Another experiment was done by applying the CF3 formulation in two passes on a blade coater, with the first layer coat weight of 5.7 lb/3 msf and the second layer coat weight of 3.0 lb/3 msf, resulting a total coat weight of only 8.7 lb/3 msf, which met the composition requirement for compostability standard and showed a 3M kit value of 6.0. As shown from Table 4, a kit level of 5.2 was obtained when a single layer of CF3 was applied with a higher coat weight of 9.7 lb/3 msf. These results demonstrated that enhanced barrier properties can be obtained with two passes of the barrier formulations.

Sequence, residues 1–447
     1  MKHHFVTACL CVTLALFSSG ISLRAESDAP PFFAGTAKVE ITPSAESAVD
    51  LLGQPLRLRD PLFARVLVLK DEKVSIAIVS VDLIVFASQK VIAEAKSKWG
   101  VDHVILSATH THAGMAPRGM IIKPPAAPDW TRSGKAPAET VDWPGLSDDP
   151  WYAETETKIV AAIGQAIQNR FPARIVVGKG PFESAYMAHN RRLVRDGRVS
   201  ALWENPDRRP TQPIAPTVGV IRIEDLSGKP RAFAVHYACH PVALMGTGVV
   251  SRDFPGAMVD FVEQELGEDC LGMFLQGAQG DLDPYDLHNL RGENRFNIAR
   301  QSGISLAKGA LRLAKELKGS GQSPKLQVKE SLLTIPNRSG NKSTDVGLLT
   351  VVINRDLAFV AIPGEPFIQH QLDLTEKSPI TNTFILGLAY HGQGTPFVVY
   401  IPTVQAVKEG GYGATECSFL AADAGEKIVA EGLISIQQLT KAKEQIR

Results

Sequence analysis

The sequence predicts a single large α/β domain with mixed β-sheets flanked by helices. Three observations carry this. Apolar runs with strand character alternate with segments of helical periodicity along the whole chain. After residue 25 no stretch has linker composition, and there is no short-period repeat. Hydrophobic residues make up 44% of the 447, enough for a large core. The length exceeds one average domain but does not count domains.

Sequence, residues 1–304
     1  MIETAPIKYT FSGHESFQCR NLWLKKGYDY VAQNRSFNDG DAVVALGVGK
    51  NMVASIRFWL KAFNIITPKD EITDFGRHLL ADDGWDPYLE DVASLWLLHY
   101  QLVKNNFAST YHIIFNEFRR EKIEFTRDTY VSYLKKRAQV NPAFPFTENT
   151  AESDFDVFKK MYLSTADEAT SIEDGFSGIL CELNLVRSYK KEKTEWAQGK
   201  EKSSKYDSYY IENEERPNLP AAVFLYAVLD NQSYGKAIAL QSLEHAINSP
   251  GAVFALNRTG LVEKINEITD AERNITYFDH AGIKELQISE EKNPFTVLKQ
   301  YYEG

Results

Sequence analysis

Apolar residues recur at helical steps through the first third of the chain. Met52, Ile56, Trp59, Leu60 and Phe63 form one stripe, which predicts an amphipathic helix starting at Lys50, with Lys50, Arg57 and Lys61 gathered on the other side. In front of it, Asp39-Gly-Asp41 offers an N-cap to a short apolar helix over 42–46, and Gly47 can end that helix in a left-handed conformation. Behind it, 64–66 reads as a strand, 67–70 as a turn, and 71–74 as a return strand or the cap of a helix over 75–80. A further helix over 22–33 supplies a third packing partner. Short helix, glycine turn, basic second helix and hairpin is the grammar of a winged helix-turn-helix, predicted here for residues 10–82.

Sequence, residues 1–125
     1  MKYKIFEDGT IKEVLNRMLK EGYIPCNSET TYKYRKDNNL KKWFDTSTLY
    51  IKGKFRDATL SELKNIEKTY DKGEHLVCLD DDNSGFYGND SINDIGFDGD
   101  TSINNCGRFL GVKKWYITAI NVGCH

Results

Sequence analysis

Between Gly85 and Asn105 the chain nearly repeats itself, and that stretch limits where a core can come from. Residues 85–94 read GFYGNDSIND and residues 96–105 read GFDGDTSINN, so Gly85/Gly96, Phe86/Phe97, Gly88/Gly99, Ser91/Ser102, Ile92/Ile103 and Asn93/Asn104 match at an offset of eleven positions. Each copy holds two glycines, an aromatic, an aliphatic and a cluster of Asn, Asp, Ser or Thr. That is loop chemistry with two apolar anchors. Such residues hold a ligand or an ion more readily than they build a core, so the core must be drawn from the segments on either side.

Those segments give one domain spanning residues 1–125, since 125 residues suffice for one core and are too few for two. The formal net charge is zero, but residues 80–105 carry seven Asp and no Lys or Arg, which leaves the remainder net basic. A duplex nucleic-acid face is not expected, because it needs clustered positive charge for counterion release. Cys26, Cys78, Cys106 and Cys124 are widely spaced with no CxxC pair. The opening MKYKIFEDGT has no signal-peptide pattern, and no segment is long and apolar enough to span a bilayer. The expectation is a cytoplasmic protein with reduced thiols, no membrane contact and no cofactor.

The Basonal® X 400 AL binder made by BASF Corporation contains about 30% natural polymer component. A natural polymer component refers to one grown and found in nature, which for example, can be any protein or polysaccharide or their derivatives. The idea of using the Basonal® X 400 AL binder along with some additional natural polymer (such as starch) in the present invention was that the natural component in the Basonal® binder would promote the compatibility of the additional starch with the Basonal® binder. Compatibility of the different ingredients is important for a barrier coating. To prove the concept, additional tests were run as shown in Table 4 to compare SA binder (PHOPLEX® C-340 from Dow Chemical Company used in the examples) and Basonal® X 400 AL (from BASF Corporation), both including Pen-cote® D starch in the formulations at a same blend ratio. All of the samples were fully repulpable and non-blocking. As for compostability, as seen in the first three columns of Table 4, paperboard C3 with coating using a styrene acrylate (SA)/Pen-cote® D binder did not meet the definition of compostability at coat weights of 8-12 pounds. The next three columns show that paperboard CF3 with coating using a Basonal® binder and Pen-cote® D met the definition of compostability at a coat weight of 8.0 and 9.7 pounds, but not at a high coat weight of 10.8 pounds. Most interestingly, the CF3 (Basonal®+Pen-cote® D) coatings had better OGR and moisture vapor barrier performance, in other words, higher 3M kit and lower Oil Cobb values, lower WVTR values, and approximately equal water Cobb values, compared to the C3 (SA+Pen-cote® D) coatings. Tables 3 and 4 thus show that the combined use of Pen-cote® D specialized starch with Basonal® binder provides improved barrier performance, especially, achieving a 3M kit level of 5+, while meeting the compostability standard, being fully repulpable, and not having blocking problems.